Arrow-right Camera
The Spokesman-Review Newspaper

The Spokesman-Review Newspaper The Spokesman-Review

Spokane, Washington  Est. May 19, 1883
Cloudy 27° Cloudy
News >  Sci/Tech

‘They aren’t scary’: Washington biologist says bats should be praised, not feared

UPDATED: Wed., Oct. 27, 2021

A Townsend's big-eared bat dangles from a perch. Despite their fearsome reputation, bats are rarely a threat to humans and fill a vital ecological role in many ecosystems.   (BOB DAVIES PHOTO COURTESY OF WASHINGTON DEPARTMENT OF FISH AND WILDLIFE)
A Townsend's big-eared bat dangles from a perch. Despite their fearsome reputation, bats are rarely a threat to humans and fill a vital ecological role in many ecosystems.  (BOB DAVIES PHOTO COURTESY OF WASHINGTON DEPARTMENT OF FISH AND WILDLIFE)

Why are bats a Halloween staple? Why is their silhouette, slapped onto a cheap decoration, synonymous with fright? Why are they the one thing Bruce Wayne dreads?

Maybe it’s because we fear what we don’t understand and there’s a lot we don’t understand about bats.

“They aren’t scary,” said Abby Tobin, a bat biologist and white-nose syndrome coordinator with the Washington Department of Fish and Wildlife. “They are so misunderstood.”

Tobin said she was drawn to bats in large part because they’ve been understudied. She said the idea of researching mysterious species, and helping answer some unanswered questions about their biology and ecology, excited her.

In general, the species biologists know best are the easiest ones to study. That, in part, explains why so much about bat behavior remains unknown.

“They’re a really hard animal to study,” Tobin said. “They’re small and they’re cryptic; they’re out in the middle of the night.”

Biologists don’t know much about bats in general, but Evergreen State bats are especially mysterious, Tobin said. Part of the work she’s doing now is focused on answering some straightforward Washington bat questions, such as, “Where are they?”

“We don’t have a ton of data to specifically point to where in Washington,” she said. “We’re slowly trying to piece that together.”

Much of Tobin’s work is focused on white-nose syndrome, a disease that’s killing millions of bats and one of the greatest threats North American bats face.

White-nose syndrome appears to have shown up in American bats in 2006. It’s caused by a fungus that does well in cold, damp environments. Many bat species hibernate in cold, damp caves, so they’re hanging out in precisely the places white-nose fungus thrives.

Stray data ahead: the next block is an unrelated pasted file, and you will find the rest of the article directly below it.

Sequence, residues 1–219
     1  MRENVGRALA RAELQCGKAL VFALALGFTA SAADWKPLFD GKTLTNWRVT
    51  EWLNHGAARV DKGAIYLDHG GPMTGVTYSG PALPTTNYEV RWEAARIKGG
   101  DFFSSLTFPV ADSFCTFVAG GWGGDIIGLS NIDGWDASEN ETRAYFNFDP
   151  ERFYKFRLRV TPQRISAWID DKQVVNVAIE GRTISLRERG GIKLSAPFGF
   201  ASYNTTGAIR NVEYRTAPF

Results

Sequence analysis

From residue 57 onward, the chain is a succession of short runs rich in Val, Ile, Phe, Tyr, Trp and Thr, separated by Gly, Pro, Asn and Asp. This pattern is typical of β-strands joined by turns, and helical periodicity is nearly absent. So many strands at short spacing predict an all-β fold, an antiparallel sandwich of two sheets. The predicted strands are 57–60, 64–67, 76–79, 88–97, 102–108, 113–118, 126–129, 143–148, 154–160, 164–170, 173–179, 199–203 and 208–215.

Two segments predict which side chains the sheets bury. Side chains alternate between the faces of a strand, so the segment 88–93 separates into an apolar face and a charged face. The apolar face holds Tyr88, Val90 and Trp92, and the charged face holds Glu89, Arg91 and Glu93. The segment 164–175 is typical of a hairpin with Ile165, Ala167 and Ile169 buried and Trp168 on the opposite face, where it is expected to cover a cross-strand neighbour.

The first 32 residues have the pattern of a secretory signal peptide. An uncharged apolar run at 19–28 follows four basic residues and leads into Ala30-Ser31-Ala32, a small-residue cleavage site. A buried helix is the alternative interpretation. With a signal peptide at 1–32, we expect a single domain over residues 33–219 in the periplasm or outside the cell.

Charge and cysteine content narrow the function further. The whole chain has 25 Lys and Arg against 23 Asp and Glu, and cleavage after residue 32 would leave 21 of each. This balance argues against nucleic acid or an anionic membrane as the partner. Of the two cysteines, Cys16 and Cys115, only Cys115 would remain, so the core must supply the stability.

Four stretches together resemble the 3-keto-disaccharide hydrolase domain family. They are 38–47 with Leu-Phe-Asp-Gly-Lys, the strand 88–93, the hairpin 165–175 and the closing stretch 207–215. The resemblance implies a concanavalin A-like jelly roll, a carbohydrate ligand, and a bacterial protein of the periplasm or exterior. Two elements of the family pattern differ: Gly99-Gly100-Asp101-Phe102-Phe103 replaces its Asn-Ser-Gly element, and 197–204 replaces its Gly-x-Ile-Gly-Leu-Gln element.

The fungus gets in through bats’ bare skin, often on their faces. It’s called white-nose syndrome because infected bats look like their faces are covered in a white mold.

Bats’ immune systems are suppressed when they’re hibernating. They aren’t awake, so they can’t groom themselves and clean off the fungus. Once white-nose gets a foothold it can start messing up the bats’ physiological balances. It can wake them up, which forces them to burn precious energy, weakening them.

Many of the bats infected with white-nose syndrome die of dehydration or starvation. The disease can also invade their wing tissues, causing tears.

At the moment, white-nose syndrome is wreaking havoc mostly on eastern American bats. In some species, the disease can wipe out 90% of a colony.

In 2016, biologists found white-nose syndrome in Washington for the first time. It was unexpected, Tobin said, because the disease hadn’t previously been found west of Oklahoma.

For now, white-nose syndrome doesn’t seem to be as devastating for western bats, and Tobin said that may be because western bats behave differently.

Back east, many bats hibernate in massive underground colonies. Washington bats don’t convene in caves as much, Tobin said.

“They’re probably more dispersed on the landscape; using lots of different kinds of roosts,” Tobin said, noting that Washington bats are more likely to spend their winters in rock crevices, for instance.

It’s also possible that Washington’s hibernating bats wake up more frequently during the winter, Tobin said. Waking up more often might mean Washington bats groom themselves more frequently and keep the white-nose fungus at bay.

“We’re still trying to fully understand, ‘Is the spread going to be slower?’ ” Tobin said.

Tobin said she thinks it’s generally irrational to fear bats. Just leave them alone, she said. If you have to move one, just don’t touch it directly.

It’s true that most human rabies cases in America come from bats. But an incredibly small percentage of bats have rabies – some estimates say about 0.1% – and only one to three Americans die of rabies every year. For comparison, about 30 Americans die every year after being struck by lightning.

Tobin said that when she talks to someone with chiroptophobia – a fear of bats – she tries to explain the animals’ biology. She said she tries to paint them in a positive light and help people understand their vital role in Pacific Northwest ecosystems.

Bats are incredibly beneficial, Tobin said. They eat enormous quantities of insects, including mosquitoes. If the nocturnal aerial hunters were to go away it could hurt the Inland Northwest’s forestry and agricultural industries, Tobin said.

“I feel they should be respected,” she said. “People should realize that they have an important role in our ecosystem.”

The Spokesman-Review Newspaper

Local journalism is essential.

Give directly to The Spokesman-Review's Northwest Passages community forums series -- which helps to offset the costs of several reporter and editor positions at the newspaper -- by using the easy options below. Gifts processed in this system are not tax deductible, but are predominately used to help meet the local financial requirements needed to receive national matching-grant funds.

Active Person

Subscribe to the Coronavirus newsletter

Get the day’s latest Coronavirus news delivered to your inbox by subscribing to our newsletter.